The truth is that innovation is never a single event, but a process of discovery, engineering and transformation. Yet what few realize is that it is the last part, transformation, that is often the hardest and the longest. In fact, it usually takes about 30 years to go from an initial discovery to a major impact on the world. Here’s what you can do to move things along.

1. Identify A Keystone Change

About a decade before the Macintosh, Xerox invented the Alto, which had many of the features that the Macintosh later became famous for, such as a graphical user interface, a mouse and a bitmapped screen. Yet while the Macintosh became legendary, the Alto never really got off the ground and is now remembered, if at all, as little more than a footnote.

The difference in outcomes had much less to do with technology than it had to do with vision. While Xerox had grand plans to create the “office of the future,” Steve Jobs and Apple merely wanted to create a cool gadget for middle class kids and enthusiasts. Sure, they were only using it to write term papers and play video games, but they were still buying.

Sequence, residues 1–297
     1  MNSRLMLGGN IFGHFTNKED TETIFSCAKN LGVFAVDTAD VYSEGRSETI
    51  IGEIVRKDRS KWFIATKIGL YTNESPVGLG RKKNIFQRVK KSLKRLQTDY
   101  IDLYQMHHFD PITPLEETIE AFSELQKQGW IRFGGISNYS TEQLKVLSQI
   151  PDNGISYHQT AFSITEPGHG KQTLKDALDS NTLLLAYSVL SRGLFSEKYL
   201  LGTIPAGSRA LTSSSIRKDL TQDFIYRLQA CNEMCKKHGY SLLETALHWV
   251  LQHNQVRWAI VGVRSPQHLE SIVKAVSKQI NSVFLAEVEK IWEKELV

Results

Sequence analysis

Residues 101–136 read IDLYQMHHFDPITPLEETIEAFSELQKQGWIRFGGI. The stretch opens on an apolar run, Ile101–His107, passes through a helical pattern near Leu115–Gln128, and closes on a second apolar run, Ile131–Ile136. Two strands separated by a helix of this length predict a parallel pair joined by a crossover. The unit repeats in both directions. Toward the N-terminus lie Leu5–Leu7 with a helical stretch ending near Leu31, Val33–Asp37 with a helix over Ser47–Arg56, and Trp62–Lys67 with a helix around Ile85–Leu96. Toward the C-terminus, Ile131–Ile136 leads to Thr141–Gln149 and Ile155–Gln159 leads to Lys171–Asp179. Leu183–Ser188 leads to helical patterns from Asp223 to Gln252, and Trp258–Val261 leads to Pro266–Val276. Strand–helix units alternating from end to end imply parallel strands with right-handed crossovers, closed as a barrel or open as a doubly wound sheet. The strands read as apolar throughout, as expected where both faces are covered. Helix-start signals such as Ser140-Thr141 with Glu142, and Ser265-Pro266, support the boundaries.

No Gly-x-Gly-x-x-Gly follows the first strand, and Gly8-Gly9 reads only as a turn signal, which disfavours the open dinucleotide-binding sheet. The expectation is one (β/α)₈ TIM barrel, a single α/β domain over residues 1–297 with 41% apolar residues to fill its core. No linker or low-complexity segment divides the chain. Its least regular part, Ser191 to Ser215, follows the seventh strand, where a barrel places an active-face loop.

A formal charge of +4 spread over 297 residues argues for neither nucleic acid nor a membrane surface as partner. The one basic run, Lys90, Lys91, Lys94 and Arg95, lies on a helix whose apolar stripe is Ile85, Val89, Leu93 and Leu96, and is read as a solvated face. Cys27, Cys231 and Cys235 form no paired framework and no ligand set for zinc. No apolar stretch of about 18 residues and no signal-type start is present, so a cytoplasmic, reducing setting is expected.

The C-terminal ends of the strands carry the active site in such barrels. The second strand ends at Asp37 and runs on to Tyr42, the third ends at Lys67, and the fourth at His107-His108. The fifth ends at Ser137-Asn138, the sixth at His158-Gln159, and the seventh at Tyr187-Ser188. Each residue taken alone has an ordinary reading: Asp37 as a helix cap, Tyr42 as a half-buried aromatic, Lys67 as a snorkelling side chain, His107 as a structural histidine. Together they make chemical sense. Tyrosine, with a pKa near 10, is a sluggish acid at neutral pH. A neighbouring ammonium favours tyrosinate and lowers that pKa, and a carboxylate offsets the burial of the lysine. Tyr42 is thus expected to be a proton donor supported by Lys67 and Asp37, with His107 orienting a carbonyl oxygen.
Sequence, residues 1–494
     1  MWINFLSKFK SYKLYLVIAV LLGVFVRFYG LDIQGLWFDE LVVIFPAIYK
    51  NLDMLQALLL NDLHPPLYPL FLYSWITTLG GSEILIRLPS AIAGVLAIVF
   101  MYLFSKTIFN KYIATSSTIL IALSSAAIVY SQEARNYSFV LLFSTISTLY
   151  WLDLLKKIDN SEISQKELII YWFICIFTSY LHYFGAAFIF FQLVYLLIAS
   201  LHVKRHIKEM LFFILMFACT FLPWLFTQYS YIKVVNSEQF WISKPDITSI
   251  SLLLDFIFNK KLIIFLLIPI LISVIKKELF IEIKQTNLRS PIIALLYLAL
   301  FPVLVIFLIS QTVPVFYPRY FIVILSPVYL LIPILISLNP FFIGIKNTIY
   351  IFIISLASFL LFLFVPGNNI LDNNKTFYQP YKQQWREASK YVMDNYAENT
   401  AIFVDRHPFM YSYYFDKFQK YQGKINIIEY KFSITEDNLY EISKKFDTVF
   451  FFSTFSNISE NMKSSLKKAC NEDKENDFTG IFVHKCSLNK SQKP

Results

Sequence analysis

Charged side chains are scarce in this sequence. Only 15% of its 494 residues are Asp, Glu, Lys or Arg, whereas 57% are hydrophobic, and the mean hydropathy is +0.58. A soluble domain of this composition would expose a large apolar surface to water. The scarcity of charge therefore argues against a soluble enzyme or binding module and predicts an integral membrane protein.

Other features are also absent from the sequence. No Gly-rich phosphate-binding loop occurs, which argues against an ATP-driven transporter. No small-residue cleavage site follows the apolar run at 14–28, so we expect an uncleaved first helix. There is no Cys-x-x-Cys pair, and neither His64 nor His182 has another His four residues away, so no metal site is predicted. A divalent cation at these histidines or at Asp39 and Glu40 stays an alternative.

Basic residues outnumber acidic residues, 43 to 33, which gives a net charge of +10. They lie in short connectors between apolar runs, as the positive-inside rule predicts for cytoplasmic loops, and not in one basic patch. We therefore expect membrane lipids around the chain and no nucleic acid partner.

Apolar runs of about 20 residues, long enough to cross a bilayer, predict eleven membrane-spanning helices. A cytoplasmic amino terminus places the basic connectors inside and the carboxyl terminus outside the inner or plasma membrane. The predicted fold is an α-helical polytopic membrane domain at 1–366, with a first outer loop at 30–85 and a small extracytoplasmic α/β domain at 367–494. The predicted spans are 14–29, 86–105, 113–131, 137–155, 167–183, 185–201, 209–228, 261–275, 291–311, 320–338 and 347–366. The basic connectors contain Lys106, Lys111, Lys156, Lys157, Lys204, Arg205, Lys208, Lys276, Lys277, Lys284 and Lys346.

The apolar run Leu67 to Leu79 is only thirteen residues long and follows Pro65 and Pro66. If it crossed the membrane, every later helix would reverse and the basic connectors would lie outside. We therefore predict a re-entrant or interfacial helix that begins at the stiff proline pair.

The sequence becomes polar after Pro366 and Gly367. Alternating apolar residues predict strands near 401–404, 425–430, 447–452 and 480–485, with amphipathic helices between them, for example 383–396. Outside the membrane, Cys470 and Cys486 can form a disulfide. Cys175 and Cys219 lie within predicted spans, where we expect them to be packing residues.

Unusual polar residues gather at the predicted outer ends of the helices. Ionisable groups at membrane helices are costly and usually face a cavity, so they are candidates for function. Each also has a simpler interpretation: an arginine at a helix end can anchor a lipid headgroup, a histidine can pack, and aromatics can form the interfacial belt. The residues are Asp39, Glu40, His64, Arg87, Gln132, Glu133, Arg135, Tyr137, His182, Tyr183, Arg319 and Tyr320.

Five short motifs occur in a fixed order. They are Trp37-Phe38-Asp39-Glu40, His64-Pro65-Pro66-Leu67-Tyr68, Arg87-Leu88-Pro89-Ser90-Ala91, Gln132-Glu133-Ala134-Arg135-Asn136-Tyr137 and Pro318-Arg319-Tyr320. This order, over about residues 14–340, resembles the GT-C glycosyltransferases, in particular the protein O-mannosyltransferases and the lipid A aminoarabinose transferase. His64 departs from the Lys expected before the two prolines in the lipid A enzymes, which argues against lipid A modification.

In my book, Cascades, I call this a “keystone change,” based on something my friend Talia Milgrom-Elcott told me about ecosystems. Apparently, every ecosystem has one or two keystone species that it needs to thrive. Innovation works the same way, you first need to identify a keystone change before a transformation can begin.

One common mistake is to immediately seek out the largest addressable market for a new product or service. That’s a good idea for an established technology or product category, but when you have something that’s truly new and different, it’s much better to find a hair on fire use case, a problem that’s someone needs solved so badly that they are willing to put up with early glitches and other shortcomings.

2. Indoctrinate Values, Beliefs And Skills

A technology is more than just a collection of transistors and code or even a set of procedures, but needs specific values and skills to make it successful. For example, to shift your business to the cloud, you need to give up control of your infrastructure, which requires a completely new mindset. That’s why so many digital transformations fail. You can’t create a technology shift without a mind shift as well.

For example, when the Institute for Healthcare Improvement began its quest to save 100,000 lives through evidence-based quality practices, it spent significant time preparing the ground beforehand, so that people understood the ethos of the movement. It also created “change kits” and made sure the new procedures were easy to implement to maximize adoption.

In a similar vein, Facebook requires that all new engineers, regardless of experience or expertise, go through its engineering bootcamp. “Beyond the typical training program, at our Bootcamp new engineers see first-hand, and are able to infer, our unique system of values,” Eddie Ruvinsky, an Engineering Director at the company, told me.